One Alberta team apparently can't do the math and add to the number four.
The other Alberta team can't be bothered to give the performance needed to keep their playoff hopes mathematically alive and lost 4-1 to the Colorado Avalanche.
Tough times, indeed, in Wild Rose Country.
And we're not sure which team should be more ashamed.
The Oilers flew Magnus Paajarvi all the way to Edmonton from Oklahoma City for Friday's clash with the Los Angeles Kings. The problem being that NHL clubs are only allowed to make four non-emergency recalls from the minors after the trade deadline. The Oilers had already used their quota.
Since we're talking about an Oilers team which has now failed to qualify for the playoffs in six consecutive seasons, that mistake is rather meaningless in the big scheme of things.
Although it sure makes you wonder how it happened and whether our province should add more the education budget up north. And Paajarvi earned himself some more airline points.
It was more dismal to watch the Flames fumble, stumble and bumble yet again when a victory over the Avalanche would have kept alive their flickering playoff hopes.
Even if the Flames would need Dr. House to come up with the life-saving solution at this point, a win would mean actual hope.
But the Saddledome faithful which arrived with enough hope to try chanting "Go Flames Go!" were soon witness to more of the same-old, same-old we've watched during this fade to black since the long-forgotten five-game winning streak which ended in Edmonton.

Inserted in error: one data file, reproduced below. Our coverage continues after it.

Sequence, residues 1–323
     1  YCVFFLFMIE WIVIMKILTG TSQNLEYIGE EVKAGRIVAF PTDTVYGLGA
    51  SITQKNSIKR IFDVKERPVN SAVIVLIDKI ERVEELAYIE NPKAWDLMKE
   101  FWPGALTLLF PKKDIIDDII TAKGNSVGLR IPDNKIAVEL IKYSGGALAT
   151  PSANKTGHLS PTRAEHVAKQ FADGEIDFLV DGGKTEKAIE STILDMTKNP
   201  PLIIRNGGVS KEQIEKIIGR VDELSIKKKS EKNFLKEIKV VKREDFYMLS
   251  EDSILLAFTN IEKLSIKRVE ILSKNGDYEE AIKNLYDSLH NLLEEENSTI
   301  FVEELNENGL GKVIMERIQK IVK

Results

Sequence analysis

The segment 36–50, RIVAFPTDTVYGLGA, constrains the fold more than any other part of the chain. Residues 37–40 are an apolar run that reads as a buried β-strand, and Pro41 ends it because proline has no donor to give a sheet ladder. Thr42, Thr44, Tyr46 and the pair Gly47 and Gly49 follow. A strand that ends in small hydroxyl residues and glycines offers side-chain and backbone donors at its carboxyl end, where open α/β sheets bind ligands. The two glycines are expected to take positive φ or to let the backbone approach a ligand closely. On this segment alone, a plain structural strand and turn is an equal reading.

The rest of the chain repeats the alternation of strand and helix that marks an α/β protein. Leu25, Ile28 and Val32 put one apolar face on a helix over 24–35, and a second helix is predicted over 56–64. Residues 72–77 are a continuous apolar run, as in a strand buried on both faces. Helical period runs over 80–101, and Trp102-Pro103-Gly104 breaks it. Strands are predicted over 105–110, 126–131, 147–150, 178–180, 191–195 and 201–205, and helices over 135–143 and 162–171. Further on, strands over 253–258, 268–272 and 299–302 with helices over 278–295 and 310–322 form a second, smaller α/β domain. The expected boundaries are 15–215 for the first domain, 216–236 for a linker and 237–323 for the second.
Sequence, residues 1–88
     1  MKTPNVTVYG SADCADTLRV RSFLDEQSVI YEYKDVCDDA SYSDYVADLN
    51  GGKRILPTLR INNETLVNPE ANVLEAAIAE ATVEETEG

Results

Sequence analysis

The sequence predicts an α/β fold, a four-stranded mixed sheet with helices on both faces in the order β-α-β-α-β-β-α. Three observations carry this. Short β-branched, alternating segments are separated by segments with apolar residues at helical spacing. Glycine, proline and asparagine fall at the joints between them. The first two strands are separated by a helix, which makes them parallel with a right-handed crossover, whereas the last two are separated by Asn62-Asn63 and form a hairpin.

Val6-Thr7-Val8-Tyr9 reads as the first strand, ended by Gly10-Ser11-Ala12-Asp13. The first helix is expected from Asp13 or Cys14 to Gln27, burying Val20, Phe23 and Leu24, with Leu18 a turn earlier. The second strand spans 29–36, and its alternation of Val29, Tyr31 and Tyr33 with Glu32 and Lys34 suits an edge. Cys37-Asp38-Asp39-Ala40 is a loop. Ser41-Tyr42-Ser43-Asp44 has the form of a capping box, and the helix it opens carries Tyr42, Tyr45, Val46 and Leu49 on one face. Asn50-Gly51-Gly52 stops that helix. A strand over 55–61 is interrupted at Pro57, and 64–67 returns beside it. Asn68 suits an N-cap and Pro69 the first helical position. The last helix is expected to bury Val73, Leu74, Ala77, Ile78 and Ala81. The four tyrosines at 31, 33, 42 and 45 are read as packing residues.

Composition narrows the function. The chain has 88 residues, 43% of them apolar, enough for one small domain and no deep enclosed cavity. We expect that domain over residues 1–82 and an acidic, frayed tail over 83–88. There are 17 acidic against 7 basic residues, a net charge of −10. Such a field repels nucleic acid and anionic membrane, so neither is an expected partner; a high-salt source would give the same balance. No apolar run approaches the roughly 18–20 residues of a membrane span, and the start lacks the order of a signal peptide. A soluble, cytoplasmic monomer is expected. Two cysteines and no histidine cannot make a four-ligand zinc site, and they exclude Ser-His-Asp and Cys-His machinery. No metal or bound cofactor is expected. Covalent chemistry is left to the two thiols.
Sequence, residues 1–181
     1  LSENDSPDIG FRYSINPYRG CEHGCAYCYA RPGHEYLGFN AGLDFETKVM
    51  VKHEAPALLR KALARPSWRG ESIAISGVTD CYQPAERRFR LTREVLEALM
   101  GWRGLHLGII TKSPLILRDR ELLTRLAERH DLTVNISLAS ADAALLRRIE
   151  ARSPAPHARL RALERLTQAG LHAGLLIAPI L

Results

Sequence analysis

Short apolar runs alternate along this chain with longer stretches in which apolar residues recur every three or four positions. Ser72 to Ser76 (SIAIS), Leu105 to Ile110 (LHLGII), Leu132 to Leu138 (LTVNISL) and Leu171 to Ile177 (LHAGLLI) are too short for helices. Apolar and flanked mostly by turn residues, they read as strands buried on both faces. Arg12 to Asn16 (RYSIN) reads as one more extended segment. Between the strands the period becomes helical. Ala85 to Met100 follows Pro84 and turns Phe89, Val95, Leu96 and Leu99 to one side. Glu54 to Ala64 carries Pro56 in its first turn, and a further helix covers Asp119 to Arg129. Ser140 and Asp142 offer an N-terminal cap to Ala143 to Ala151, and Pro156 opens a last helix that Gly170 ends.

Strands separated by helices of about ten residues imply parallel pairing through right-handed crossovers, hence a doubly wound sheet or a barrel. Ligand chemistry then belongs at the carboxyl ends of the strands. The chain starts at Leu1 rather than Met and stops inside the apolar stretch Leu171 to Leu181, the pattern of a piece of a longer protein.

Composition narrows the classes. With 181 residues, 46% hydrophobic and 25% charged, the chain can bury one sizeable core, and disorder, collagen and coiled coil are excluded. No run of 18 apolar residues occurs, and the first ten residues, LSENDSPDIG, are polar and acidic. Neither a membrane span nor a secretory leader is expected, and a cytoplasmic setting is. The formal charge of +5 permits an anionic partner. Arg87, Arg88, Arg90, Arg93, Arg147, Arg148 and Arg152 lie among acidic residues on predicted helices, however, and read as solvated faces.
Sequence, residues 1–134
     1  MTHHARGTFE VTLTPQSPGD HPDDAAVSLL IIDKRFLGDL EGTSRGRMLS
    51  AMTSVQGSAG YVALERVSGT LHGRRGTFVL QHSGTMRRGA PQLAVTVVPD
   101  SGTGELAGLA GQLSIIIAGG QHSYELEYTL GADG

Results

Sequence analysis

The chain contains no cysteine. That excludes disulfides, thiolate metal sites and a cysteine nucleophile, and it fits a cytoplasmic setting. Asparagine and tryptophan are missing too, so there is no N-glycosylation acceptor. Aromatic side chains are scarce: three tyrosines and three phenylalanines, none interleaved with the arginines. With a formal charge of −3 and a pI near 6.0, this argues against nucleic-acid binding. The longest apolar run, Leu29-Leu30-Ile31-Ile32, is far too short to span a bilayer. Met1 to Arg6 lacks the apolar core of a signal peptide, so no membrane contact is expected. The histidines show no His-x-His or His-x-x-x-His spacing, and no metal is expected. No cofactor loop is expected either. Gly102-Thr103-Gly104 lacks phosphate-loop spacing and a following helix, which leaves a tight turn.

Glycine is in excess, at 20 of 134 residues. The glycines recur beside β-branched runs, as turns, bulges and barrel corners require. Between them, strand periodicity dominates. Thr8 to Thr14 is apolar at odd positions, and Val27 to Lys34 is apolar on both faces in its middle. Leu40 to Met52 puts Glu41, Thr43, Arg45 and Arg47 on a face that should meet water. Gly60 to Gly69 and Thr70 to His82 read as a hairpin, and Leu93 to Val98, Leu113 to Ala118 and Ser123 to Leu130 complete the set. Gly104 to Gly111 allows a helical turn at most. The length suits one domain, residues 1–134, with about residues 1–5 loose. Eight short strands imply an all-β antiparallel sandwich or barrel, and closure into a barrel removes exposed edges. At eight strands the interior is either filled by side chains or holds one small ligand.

The start displayed by the Los Angeles Kings in Wednesday's disheartening 3-0 loss was the perfect blueprint for the Flames to follow. You know the type: Skating all-out, executing plays, getting to the net and scoring goals.
The Flames apparently weren't paying attention well enough to follow suit against an Avalanche team which is also praying for a miracle to reach the second season.
Just like they were against the Kings, the Flames were caught flat-footed at the drop of the puck and outclassed to the point the end result was obvious to all before the first TV timeout.
Oh yeah, they fell behind early, too, with Jay Boumeester doing the Keystone Kops impersonation by scoring on his own net 201 seconds into the tilt for the all-important opening goal.
And to think that's just the tip of the iceberg of tomfoolery.
The powerplay couldn't solve Avalanche goalie Semyon Varlamov during three opportunities in the first two periods.
Breakout passes were tape to shin.
We even witnessed a three-on-two rush end up whistled down due to an offside.
Any wonder chants of "Let's Go Golfing" and "Let's Go Blue Jays" could be heard?
(Seriously folks, can't we support the Stampeders, or is the fact the football team's majority owners are the Flames too much to stomach at this moment?)
Sure, the Flames can talk about having outplayed the Avs for much of the game, a few excellent saves by Varlamov -- including a gem against Bouwmeester later in the opening frame and another dandy on Mark Giordano early in the third period -- being the difference, but any such moral victories are meaningless at this time of year when every win matters.
Mathematically, the Flames are still alive going into Saturday's clash with the Vancouver Canucks.
But we can't make any promises after that, even with a win in the Hockey Night in Canada finale.
Pretty much all hope and any chance of playoff hockey disappeared with this week's home-ice losses to the Kings and the Avalanche.
But at least we have reason to unite a province destined to be split by the coming election.
We have a couple of cities who can feel their teams are wandering in the desert.
On Twitter: @SUNRandySportak